Greater stability

These changes helped to address longstanding instability in Medicaid coverage for many people. Before the pandemic, nearly 25% of those with Medicaid would enter or exit the program each year as their short-term circumstances changed.

People would lose Medicaid coverage when their income ticked up, their family circumstances changed, they aged out of CHIP, or they failed to complete required paperwork. Losing Medicaid coverage can lead to someone ending up without any health insurance at all, which increases the likelihood they will postpone or never get needed care. Having the same people frequently entering and exiting the program also increases the program’s administrative costs over time.

Changes to Medicaid policy in response to the pandemic made it much easier for everyone enrolled in Medicaid to keep their coverage. To illustrate, just over half of Wisconsin’s Medicaid growth in 2020 came from that state keeping existing enrollees in the program who might otherwise have lost coverage for at least a few months.

Young adults, especially those aged 18 and 19, and Americans who recently gave birth are two groups that benefited from this change in Medicaid policy.

What’s next

Even with many aspects of daily life getting back to normal, and President Joe Biden’s comments to the media about the pandemic being “over,” the official public health emergency that spurred Medicaid enrollment growth still remains in force.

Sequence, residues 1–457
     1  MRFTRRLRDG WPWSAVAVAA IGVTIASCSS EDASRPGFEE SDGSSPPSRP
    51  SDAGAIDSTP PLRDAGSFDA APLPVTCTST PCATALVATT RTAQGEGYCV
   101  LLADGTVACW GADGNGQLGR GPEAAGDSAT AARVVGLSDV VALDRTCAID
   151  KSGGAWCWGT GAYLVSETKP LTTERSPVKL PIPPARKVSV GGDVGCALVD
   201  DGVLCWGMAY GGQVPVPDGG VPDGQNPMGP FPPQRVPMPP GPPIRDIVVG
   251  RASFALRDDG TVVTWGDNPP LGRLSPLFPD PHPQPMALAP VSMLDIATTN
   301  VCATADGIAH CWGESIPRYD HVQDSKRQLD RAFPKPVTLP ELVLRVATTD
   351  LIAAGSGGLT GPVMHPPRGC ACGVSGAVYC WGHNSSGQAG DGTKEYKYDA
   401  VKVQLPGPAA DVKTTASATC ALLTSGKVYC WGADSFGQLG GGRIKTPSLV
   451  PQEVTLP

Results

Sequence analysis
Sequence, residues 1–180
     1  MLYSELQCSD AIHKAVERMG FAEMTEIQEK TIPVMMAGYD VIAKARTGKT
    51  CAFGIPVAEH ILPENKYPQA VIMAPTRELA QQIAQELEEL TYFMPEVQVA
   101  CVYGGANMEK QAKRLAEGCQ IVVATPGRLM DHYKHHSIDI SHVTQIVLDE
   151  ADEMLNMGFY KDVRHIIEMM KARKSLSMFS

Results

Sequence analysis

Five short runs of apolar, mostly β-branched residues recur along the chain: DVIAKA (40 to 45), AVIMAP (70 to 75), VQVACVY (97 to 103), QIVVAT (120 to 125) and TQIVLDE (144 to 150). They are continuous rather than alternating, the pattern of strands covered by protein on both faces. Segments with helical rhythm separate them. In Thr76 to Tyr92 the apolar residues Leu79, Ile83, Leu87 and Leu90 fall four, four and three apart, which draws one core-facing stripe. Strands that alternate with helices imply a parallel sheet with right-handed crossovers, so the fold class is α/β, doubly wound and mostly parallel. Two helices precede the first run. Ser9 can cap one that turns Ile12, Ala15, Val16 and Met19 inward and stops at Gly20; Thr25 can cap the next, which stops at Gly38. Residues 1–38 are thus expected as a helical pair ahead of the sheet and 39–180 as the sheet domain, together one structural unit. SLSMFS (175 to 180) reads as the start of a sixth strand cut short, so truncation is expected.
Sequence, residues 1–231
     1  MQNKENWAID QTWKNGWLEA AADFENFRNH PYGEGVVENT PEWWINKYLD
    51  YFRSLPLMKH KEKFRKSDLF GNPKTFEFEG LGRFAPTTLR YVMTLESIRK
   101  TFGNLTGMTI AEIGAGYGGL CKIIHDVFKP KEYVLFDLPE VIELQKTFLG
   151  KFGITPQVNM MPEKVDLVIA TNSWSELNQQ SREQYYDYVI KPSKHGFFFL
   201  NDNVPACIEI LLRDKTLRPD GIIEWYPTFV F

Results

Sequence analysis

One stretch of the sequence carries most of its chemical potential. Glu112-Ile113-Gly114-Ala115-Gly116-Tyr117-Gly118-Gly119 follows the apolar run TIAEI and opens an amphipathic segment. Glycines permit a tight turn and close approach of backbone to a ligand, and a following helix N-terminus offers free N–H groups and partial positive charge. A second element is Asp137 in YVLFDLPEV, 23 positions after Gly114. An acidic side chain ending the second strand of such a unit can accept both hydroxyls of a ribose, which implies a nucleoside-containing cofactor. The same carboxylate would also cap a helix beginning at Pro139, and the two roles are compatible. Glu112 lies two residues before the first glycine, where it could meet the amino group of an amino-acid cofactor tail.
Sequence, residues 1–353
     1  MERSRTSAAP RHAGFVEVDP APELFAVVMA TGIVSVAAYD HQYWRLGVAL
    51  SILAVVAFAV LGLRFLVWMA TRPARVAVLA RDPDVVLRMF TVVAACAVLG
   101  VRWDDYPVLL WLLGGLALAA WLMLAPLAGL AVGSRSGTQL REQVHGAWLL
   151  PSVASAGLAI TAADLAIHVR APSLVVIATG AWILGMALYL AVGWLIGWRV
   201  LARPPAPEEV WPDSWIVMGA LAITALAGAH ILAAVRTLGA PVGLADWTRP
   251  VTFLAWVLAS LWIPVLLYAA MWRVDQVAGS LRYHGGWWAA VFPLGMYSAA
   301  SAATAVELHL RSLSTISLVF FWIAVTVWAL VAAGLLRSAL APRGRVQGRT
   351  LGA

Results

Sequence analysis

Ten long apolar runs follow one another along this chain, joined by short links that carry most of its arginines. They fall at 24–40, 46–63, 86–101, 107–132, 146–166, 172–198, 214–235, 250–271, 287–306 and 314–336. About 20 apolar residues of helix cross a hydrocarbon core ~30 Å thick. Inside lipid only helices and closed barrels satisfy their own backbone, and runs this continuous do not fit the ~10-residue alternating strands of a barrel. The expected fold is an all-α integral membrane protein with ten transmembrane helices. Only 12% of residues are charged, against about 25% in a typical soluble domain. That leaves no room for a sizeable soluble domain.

When the government renewed the declaration for the 10th time in July 2022, it set a new expiration date of Oct. 13, 2022. The administration also said it would provide states with 60 days notice before it would end the federal emergency declaration, which suggests the declaration will be renewed at least one more time.

When the emergency ends, states will have to reevaluate eligibility for everyone with Medicaid within 12 months. Extra federal funding for states will also end.

These changes will have profound consequences. Millions of people will have to reestablish their eligibility for Medicaid and are at risk of losing coverage if they do not complete the required paperwork on time.

The administration may ultimately decide to renew the COVID-19 emergency declaration again, as hundreds of Americans are still dying daily from the disease. Keeping it in place would prevent a massive drop in Medicaid enrollment and make it easier to continue other COVID-19 public health policies, such as making free COVID-19 testing and vaccinations widely available.

Beyond extending the public health emergency, we believe that states and the federal government can seek new ways to minimize disruptions in coverage and to make Medicaid more accessible to the millions of Americans who depend on it for health insurance.The Conversation

Julie Donohue, Professor and Chair of Health Policy and Management, University of Pittsburgh Health Sciences and Eric T. Roberts, Assistant Professor of Health Policy and Management, University of Pittsburgh Health Sciences

This article is republished from The Conversation under a Creative Commons license. Read the original article.